As the world’s largest professional network, with around 11 million UK users, LinkedIn can be a hugely beneficial tool for businesses. In fact, many employers are now actively encouraging employees to use it strategically to benefit their business.
Attempting to prevent employees from liaising with contacts and potentially poaching clients once they have departed a business has long been an issue. This has become an even greater problem in the social media age, where real-time access to information allows almost immediate connections to individuals and businesses across the world.
On the surface, it’s easy to see why employers encourage their staff to make new connections, build up a personal following, and generate a buzz around themselves and their company online. However, this opportunity to connect with new contacts at the click of a button is causing a whole new set of challenges for businesses.
As an employer, there are a number of things to be aware of that include, but are not limited, to the following:
LinkedIn’s membership terms state that an individual owns any LinkedIn account in their name and should not let third party users have access to their account or password. While LindkedIn’s terms have not been tested in the courts, they do present a potential challenge to employer policies which require employees to engage with new business leads and prospects by using corporate accounts belonging to the employer, rather than their own personal accounts.
Many social media policies are drafted on the premise that any connections made by the employee during the period of employment belong to the employer. This includes the idea that any business contacts made by the employee during this time should be deleted following an employee’s departure.
Again, this has not yet been tested in the courts and until clear guidance on what the procedure should be is given, it makes sense for employers to identify practical ways to deal with the risks. Primarily, they should ensure that an employee’s connections are transferred to an internal database as and when they are made. While this won’t necessarily prevent a former employee from misusing information, it does ensure that the employer has access to these connections once the employee has left.
Protection of confidential information
Laws surrounding confidential information tend to be what employers turn to first when former employees exploit LinkedIn contacts made during their employment. Unfortunately, given that contact details are publicly available on LinkedIn, this is something that they are likely to be unsuccessful with in the courts.
The Copyright and Rights in Databases Regulations, 1997, could convey more success. This legislation could enable employers to argue that LinkedIn connections made by an employee during their employment make up a database. Here, as the owner of the database, an employer’s rights would be breached should the data be used by the employee without authorisation.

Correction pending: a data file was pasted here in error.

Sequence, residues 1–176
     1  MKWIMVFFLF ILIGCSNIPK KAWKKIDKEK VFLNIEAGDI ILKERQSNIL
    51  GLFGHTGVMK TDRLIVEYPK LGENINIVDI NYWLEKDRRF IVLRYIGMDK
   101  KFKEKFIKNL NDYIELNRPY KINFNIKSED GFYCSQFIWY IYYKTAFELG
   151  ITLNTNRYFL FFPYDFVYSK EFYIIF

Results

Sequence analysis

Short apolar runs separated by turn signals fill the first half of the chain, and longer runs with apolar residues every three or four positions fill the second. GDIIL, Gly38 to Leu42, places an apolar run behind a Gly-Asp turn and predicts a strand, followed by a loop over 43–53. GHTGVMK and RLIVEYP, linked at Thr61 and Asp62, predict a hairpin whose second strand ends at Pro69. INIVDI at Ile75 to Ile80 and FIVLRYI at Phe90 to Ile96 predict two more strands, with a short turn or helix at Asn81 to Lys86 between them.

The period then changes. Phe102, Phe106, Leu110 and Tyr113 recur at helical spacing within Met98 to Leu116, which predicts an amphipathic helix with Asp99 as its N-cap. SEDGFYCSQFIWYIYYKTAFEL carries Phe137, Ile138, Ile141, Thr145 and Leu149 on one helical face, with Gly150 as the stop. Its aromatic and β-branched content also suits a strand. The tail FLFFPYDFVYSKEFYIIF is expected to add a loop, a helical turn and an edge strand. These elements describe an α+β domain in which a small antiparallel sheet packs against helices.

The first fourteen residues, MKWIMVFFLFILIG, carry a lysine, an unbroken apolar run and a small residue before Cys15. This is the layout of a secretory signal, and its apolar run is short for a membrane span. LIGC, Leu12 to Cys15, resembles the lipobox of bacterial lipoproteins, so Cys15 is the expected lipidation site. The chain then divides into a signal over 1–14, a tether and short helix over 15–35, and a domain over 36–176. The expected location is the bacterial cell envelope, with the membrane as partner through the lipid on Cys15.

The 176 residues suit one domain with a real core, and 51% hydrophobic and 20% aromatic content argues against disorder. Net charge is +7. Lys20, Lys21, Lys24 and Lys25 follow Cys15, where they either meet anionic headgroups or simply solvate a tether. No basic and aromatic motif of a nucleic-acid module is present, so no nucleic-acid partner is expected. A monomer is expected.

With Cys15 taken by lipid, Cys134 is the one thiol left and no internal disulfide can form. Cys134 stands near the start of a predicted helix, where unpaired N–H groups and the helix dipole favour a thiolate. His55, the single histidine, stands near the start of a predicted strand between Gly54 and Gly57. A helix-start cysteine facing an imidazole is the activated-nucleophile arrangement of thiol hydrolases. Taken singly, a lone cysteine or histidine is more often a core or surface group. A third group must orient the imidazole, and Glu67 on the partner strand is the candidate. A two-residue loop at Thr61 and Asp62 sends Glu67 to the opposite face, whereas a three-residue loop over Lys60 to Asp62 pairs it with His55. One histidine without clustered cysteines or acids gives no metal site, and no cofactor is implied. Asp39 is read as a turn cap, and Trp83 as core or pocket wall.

Use of traditional terminations
Employers can impose post-termination restrictions on their employees, preventing poaching or working for a competitor, by including them in their employment contracts. However these restrictions don’t always explicitly refer to LinkedIn.
A recent court case provides a good example of when this was considered. After a former employee announced that they had secured a new job on LinkedIn, the courts had to deliberate whether this could be considered an attempt to solicit the former employer’s customers, many of whom were LinkedIn connections.
The court found that this did not amount to solicitation, but had the restriction the employer was trying to rely upon specifically referred to conduct on LinkedIn, the outcome could have been very different.
So what can employers do?
As the law in this area is still grey, employers must understand that the legal protection available at the moment is not entirely adequate. Nevertheless, employers can still take important steps to give themselves the best possible protection, including introducing a social media policy from the outset, and reviewing their covenants and policies every couple of years to reflect ever-changing online practices.
Social media policy should state that when somebody leaves the company, they should remove business contacts that they have added to LinkedIn during employment. The policy should specify that records of connections made are added to a separate database to ensure the company retains them following an employee’s departure. Businesses should ensure that all relevant restrictive covenants are properly modified to cover the circumstances referred to above.
Employees should also be encouraged to use corporate LinkedIn accounts when networking on behalf of the business, which are stated as being the property of the employer and must be handed over when the employee leaves the business. Again, whilst this is not necessarily legally enforceable, it is likely to have a practical impact for employers, as it sets out clear expectations for employees.
Clearly, while it’s still a very hazy area, efforts in recent months do represent the need for the implementation of positive and practical steps which will help overcome the risks presented to employers by the growing use of social media.
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